It was interesting how some medicine can help you change the way you think about certain addictions. Those pills gave me the ability to overcome the urges and desires long enough to beat my long-standing addiction with cigarettes. Those pills were expensive and my insurance didn’t cover them. I had no choice but to quit after the first round because I couldn’t afford to complete all three rounds of prescriptions. I used to think that the tobacco companies had their hands in these quit smoking products so that they could pay for their tobacco lawsuit settlements. Regardless, the pills helped me quit smoking and gave me the ability to fight off that impulsive need to light up one of those cancer sticks. Now years later I found the same strength if not stronger to fight off two more of my impulsive addictions. So many years of asking myself why I did these things and trying to reason with myself and explain all the things that these addictions would lead to. So many times, I would think about quitting while ordering another glass or lighting up one more cigarette, or even both at the same time. Just one more we say just one more.

The interesting thing about giving up coffee and alcohol was that I didn’t need that expensive pill to do so. Keep in mind that with smoking long out of the way these two were my strongest weaknesses and something I had heavily relied on, sometimes daily. I am certain that they have some pills out there that will help you overcome these addictions but I found strength in other ways. It wasn’t yoga or meditation, not really that kind of flexible type of guy. I found my strength in the spirit of the Lord. Yep! that’s right. I have been in some major life changing events most recently and I have felt so beaten and bruised that I had nowhere else to turn to. The Lord found me left abandoned on the ground and reached out and helped me stand on my own once again. I didn’t attend any church addiction anonymous meetings or anything like that. No secluded retreats or dry camps just pure faith. The closer I came to Christ the more I realized that I really didn’t need any of that stuff in regard to coffee and alcohol. I began understanding that for years my doctor had been counseling me to quit both of those things because they would eventually kill me if I didn’t. I have already had several loved ones and friends who have died because they could not fight off their addictions and I had finally found the strength to battle my own without tricking my brain with some other chemical.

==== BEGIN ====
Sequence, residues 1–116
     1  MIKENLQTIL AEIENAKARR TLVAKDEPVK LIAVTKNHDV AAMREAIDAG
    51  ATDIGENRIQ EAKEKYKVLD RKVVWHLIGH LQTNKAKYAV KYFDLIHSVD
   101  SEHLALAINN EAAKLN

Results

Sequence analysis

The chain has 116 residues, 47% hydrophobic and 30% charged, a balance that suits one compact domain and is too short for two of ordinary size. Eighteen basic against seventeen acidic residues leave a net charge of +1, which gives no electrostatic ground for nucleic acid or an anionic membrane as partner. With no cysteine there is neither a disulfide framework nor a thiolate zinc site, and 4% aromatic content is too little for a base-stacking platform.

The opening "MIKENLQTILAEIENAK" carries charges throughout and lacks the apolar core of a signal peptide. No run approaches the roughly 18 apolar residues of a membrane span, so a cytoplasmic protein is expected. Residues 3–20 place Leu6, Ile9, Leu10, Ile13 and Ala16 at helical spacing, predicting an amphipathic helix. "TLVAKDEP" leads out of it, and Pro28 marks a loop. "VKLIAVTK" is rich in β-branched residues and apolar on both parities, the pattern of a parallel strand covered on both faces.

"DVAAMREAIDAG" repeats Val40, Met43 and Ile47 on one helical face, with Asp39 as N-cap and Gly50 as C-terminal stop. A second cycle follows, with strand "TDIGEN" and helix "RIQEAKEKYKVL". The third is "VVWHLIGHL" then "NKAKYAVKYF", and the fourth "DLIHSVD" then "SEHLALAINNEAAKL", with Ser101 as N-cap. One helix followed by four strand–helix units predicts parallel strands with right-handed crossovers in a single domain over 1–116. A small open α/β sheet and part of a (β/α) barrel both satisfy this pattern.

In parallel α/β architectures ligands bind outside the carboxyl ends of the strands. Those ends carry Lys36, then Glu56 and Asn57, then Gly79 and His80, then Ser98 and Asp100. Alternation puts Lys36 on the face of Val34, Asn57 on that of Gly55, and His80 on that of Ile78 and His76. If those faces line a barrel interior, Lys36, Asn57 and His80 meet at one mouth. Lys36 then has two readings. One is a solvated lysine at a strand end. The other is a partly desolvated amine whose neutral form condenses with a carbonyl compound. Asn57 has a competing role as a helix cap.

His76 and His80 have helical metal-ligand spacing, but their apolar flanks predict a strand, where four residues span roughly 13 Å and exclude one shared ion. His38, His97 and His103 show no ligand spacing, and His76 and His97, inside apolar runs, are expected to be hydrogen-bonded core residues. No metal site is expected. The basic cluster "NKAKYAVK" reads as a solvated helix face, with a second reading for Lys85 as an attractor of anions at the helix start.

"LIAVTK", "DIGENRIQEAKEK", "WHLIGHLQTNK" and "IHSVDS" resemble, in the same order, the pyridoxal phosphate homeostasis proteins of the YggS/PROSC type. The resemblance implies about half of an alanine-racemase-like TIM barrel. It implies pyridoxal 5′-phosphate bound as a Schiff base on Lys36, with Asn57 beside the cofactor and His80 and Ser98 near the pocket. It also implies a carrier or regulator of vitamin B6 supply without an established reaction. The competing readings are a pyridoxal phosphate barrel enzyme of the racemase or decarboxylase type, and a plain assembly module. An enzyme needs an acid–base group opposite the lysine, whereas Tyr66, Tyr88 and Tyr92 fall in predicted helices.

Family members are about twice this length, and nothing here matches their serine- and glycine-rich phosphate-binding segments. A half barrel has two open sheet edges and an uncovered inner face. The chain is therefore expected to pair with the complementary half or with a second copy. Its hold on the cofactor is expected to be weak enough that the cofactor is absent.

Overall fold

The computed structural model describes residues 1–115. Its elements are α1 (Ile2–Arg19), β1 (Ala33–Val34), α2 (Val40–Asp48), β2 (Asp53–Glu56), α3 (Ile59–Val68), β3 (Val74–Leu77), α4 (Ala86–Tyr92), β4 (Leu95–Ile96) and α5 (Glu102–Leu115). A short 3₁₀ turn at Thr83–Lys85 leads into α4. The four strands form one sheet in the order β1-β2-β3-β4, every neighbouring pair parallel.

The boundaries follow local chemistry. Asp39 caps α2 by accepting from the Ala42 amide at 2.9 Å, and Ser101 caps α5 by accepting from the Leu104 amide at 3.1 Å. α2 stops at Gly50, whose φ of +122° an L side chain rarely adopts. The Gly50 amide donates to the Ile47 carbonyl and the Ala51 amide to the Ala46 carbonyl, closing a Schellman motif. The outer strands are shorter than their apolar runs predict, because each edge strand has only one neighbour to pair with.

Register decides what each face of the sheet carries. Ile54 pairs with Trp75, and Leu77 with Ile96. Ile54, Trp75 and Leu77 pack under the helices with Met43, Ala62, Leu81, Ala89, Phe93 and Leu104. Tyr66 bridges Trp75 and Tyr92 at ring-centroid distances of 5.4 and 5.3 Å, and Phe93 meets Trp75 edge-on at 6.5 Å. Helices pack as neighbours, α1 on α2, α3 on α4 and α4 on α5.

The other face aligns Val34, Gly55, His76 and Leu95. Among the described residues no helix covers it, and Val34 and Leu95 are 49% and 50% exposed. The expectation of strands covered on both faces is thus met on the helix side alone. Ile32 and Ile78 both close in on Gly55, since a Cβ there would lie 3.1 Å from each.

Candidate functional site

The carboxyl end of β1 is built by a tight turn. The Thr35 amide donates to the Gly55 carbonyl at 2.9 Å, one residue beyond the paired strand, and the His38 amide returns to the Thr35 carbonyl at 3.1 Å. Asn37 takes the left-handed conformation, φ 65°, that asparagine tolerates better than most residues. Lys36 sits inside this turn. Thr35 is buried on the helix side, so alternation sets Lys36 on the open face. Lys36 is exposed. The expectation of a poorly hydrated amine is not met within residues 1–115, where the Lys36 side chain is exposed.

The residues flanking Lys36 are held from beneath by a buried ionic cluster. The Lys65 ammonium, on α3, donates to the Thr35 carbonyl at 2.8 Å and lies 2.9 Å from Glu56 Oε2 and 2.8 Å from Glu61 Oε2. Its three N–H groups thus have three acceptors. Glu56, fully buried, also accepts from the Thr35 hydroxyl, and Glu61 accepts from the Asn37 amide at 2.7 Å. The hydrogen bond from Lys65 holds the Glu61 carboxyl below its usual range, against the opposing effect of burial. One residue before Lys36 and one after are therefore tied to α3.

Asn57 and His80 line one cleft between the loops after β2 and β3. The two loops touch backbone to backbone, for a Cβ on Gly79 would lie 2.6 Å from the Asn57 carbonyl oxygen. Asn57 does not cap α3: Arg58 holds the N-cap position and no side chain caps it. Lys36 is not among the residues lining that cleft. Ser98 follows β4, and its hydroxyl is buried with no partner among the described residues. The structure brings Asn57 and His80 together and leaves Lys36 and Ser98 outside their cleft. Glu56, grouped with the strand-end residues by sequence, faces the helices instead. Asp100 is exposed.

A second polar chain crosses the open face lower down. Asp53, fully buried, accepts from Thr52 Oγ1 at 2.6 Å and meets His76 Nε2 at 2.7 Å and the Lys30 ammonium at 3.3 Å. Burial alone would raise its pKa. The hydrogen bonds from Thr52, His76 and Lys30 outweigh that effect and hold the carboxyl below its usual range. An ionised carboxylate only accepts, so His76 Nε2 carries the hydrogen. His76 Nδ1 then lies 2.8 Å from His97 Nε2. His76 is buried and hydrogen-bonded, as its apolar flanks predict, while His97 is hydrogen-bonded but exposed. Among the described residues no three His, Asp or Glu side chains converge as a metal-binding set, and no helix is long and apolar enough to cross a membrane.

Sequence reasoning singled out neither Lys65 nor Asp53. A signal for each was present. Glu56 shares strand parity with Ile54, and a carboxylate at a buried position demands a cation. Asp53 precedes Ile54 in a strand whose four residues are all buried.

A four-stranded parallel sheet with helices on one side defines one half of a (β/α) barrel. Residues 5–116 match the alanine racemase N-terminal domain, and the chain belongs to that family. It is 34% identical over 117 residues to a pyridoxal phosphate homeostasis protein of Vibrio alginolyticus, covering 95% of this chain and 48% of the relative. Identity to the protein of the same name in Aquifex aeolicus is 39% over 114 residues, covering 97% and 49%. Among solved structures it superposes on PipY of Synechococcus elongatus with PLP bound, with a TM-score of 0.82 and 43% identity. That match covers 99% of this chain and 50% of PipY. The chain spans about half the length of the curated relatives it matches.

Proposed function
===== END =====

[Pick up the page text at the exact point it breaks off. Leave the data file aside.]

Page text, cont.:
I feel so empowered when I am faced with one of those addictions and I can stand tall and tell myself that I don’t need that and walk way. I have even found that I have so much strength from the Spirit that I can stand alongside of those who may be smoking, drinking coffee or even alcohol and it does not even tempt me. In fact, when I think about how I don’t want what they have I feel this warm embrace and comfort deep inside me that lets me know that I am not alone. There is so much confidence in knowing that you have the ability to control those impulses that would lead you into the poisons of this world. Certainly, I don’t claim to have power over all things, nor am I a poster child of some self-help campaign, but I do know what it feels like not having the ability to stop falling victim to an uncontrollable addiction. We all have some type of ongoing addiction, even myself at this moment. Some of us are deeper in the darkness than others and some are battling poisons much more deadly than coffee, alcohol, cigarettes, and most certainty chocolate chip cookies. Some in fact must find the strength to realize that they can’t fight this on their own.

There is this uncontrollable urge that leads us into these addictions. We are deceived to believe that these poisons will help us and take away our pains or make our day better. We are tricked just long enough for the demons to embed the addiction deep within us and imprison us for years on end. Sometimes medication can help, but amazingly turning to Christ can give you the greatest strength that will most certainly help you fight off those demons and even give you comfort whether you just need to stand tall or ask for help from someone else. All these complicated scars left from these addictions started as a simple impulsive weakness. And although we are led to believe that the way out is more complicated than the addiction itself the beginning is simpler than you think. There is no need to go to great lengths to find help all you really need to do is step aside from all the chaos and find a moment of peace and just ask. Ask in your mind, ask in your heart, or even ask out loud … He is waiting to hear you

Just imagine … having the strength to endure.